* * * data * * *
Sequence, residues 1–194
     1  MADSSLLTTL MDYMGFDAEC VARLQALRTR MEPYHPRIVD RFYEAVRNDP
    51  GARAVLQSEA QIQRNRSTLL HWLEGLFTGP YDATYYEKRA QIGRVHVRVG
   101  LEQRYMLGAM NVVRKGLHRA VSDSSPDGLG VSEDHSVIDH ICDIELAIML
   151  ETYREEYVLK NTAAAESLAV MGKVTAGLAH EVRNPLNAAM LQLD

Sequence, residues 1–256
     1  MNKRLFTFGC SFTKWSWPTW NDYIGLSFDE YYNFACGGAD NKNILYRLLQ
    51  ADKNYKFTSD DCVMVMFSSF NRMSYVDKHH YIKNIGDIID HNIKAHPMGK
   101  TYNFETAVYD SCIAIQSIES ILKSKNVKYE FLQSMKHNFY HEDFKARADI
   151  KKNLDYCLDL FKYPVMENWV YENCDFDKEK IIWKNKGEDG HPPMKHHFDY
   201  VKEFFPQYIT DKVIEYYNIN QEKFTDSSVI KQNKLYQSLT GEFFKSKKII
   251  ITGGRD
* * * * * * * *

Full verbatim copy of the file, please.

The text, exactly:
Sequence, residues 1–194
     1  MADSSLLTTL MDYMGFDAEC VARLQALRTR MEPYHPRIVD RFYEAVRNDP
    51  GARAVLQSEA QIQRNRSTLL HWLEGLFTGP YDATYYEKRA QIGRVHVRVG
   101  LEQRYMLGAM NVVRKGLHRA VSDSSPDGLG VSEDHSVIDH ICDIELAIML
   151  ETYREEYVLK NTAAAESLAV MGKVTAGLAH EVRNPLNAAM LQLD

Sequence, residues 1–256
     1  MNKRLFTFGC SFTKWSWPTW NDYIGLSFDE YYNFACGGAD NKNILYRLLQ
    51  ADKNYKFTSD DCVMVMFSSF NRMSYVDKHH YIKNIGDIID HNIKAHPMGK
   101  TYNFETAVYD SCIAIQSIES ILKSKNVKYE FLQSMKHNFY HEDFKARADI
   151  KKNLDYCLDL FKYPVMENWV YENCDFDKEK IIWKNKGEDG HPPMKHHFDY
   201  VKEFFPQYIT DKVIEYYNIN QEKFTDSSVI KQNKLYQSLT GEFFKSKKII
   251  ITGGRD